Indeed, just three days before his sudden death, General Odom co-authored a piece with Zbigniew Brzezinski berating the Bush Administration's approach to Iran. This policy, Odom declared, "may work with donkeys but not with serious countries."

Iran remains a complex place: Let's not forget Iranian Islamists were NOT aboard those planes on 9/11... Egyptians and Saudis (from countries regarded as U.S. allies) were. Iran condemned the 9/11 attacks; Iranians held a candlelight vigil in solidarity with the United States.

Yet we remember the occupation of the U.S. Embassy after the 1979 Islamic Revolution and Iranians remember the U.S. alliance with Iraq during the Iran/Iraq War (1980-88). Iraq was the country which mounted an air and land invasion of western Iran, not the other way around. (Although Iraqi apologists claimed Iran had launched artillery attacks on Iraqi towns; this stemmed from a territorial dispute over the Shatt al Arab waterway.)

You can hear my in-depth interview with Iran expert Dr. Hossein Askari, Professor of International Business & International Affairs at George Washington University, who knew Hassan Rouhani long before he became the Iranian president... (Dr. Askari also predicted Rouhani would win the Iranian presidency long before that became obvious!)

Audio Here



The ASIA TIMES' Pepe Escobar has a fascinating take on this diplomatic chessmatch...


Despite the cries of the neocons, some establishment media may be warming to the idea of a U.S. opening to Iran.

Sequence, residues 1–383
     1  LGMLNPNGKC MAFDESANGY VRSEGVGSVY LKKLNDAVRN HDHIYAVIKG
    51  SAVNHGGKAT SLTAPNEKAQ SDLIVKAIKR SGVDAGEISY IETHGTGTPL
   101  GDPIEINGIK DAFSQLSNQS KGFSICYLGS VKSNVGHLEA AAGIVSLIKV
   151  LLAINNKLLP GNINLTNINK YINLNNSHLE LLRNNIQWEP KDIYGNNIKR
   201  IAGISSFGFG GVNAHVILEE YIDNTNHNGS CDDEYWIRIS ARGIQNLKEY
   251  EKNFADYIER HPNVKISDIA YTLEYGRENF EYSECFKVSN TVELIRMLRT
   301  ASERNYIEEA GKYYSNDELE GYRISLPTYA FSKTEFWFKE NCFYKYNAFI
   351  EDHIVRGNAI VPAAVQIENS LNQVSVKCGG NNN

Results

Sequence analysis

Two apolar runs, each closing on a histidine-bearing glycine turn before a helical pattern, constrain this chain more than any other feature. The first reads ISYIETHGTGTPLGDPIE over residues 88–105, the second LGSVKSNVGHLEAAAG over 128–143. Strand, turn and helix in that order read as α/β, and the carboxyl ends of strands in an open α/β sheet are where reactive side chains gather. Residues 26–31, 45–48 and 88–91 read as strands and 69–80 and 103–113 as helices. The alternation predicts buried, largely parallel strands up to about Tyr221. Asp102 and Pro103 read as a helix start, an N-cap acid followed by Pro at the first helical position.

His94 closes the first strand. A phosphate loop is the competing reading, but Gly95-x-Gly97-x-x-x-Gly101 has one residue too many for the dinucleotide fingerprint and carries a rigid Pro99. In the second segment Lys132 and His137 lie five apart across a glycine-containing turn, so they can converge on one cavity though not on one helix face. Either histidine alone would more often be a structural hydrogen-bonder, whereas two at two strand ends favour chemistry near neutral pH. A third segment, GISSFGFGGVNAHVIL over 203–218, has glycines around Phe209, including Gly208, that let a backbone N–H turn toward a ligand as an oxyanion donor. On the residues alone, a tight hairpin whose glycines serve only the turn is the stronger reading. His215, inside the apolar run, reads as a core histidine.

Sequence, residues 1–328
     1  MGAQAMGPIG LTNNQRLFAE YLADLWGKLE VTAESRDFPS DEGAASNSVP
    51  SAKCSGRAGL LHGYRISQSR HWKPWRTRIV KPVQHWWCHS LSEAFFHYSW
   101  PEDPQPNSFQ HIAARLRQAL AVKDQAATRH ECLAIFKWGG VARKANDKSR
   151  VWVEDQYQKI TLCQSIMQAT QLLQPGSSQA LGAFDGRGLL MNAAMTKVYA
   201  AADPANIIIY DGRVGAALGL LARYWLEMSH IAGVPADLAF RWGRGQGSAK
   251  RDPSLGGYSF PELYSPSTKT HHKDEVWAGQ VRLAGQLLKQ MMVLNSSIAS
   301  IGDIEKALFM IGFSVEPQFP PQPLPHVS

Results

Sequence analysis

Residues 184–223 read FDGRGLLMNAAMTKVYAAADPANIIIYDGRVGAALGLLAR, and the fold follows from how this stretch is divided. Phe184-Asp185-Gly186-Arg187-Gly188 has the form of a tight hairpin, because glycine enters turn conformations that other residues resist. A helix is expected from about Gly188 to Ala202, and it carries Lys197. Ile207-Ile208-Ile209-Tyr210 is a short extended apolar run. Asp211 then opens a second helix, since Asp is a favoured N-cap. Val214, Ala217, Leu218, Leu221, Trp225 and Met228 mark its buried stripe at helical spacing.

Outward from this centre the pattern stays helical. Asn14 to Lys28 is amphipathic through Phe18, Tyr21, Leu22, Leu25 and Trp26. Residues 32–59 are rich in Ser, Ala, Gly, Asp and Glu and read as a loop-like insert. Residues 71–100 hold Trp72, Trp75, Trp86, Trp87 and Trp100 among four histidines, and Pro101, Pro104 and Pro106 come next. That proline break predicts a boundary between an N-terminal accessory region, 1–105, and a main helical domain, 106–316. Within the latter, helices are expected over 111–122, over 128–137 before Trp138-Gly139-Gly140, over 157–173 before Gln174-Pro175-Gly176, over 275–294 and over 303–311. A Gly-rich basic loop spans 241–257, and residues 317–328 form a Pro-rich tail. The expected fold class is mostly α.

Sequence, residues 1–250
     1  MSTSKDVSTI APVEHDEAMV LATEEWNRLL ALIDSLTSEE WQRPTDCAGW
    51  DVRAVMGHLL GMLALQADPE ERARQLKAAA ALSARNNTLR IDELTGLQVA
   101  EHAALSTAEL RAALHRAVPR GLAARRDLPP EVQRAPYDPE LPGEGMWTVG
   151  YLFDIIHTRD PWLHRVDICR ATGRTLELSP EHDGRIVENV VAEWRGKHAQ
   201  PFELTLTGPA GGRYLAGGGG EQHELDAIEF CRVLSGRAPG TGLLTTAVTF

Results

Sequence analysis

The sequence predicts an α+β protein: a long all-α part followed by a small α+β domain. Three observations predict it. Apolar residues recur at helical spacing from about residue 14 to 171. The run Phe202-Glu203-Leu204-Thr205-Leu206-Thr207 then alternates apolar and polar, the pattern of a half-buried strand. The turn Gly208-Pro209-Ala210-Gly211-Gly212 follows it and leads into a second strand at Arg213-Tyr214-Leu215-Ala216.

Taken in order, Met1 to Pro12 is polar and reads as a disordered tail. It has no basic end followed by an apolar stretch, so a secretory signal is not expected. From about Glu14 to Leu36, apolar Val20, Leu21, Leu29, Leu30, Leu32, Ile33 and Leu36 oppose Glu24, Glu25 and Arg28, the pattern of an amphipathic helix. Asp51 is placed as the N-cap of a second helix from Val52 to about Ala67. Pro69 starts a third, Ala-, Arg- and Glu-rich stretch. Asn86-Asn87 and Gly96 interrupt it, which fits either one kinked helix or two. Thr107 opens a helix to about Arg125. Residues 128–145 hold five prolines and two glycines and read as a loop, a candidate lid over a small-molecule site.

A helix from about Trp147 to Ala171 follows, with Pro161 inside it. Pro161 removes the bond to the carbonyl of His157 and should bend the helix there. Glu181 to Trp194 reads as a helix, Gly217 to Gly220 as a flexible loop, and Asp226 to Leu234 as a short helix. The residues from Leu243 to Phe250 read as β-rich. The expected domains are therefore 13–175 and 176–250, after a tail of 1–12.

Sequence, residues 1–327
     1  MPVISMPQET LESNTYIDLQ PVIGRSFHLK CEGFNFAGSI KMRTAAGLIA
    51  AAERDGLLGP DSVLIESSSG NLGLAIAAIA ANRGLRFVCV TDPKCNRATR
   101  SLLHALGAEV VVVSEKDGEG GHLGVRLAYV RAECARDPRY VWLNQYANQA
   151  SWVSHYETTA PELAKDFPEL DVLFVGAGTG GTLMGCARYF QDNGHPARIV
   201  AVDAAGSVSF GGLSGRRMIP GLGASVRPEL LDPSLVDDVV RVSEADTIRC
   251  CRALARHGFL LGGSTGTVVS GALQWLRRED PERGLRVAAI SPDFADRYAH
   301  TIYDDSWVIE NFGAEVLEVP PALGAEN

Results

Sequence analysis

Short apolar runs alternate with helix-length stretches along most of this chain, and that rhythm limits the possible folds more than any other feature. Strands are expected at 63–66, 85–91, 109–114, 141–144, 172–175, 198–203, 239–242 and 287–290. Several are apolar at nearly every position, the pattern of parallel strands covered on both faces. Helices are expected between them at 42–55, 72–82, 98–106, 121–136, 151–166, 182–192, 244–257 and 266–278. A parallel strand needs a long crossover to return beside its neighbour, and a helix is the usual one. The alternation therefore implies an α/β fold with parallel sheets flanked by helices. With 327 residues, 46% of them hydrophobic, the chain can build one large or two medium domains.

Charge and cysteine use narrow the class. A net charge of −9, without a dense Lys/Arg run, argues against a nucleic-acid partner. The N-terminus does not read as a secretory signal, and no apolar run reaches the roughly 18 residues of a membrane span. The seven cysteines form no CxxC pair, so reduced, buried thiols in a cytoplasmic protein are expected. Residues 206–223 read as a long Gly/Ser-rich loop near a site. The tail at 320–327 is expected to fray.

This analysis from BLOOMBERG BUSINESS WEEK's Peter Beinart:


Posted at 8:08am on September 19, 2013 by Allan Loudell

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Comments on this post:

Thu, Sep 19, 2013 9:21am
It looks like having the US not discuss the bombing of Iran every weekend news cycle to hide the inadequacies of the Cheney administration, is finally paying off.

Thu, Sep 19, 2013 9:36am
If one looks at this from Iran's perspective, Iran must acquire a bomb, simply because the U.S. is too much of an enemy. They see us gear-up to provoke regime change in Syria, and do nothing with North Korea (except send Dennis Rodman, lol). They can figure things out for themselves.

The method or way out of them not getting a bomb is to align themselves more with China, so that provoking Iran, pokes China too. There are very interesting developments which took place 2 weeks ago in Samarkand with Putin, Xi, and Rouhani. Overall China is investing close to a trillion to provide roads, railroads, pipelines into the "stans" of Central Asia, thereby making itself the hub and export destination for all those countries.

Economically, this is also beneficial to Putin, who would prefer the petroleum exports all get sucked up by the East, so that Europe would not gain any alternate source of natural gas to rival Gasprom's monopoly on Europe.

Thu, Sep 19, 2013 1:40pm
Don't be fooled.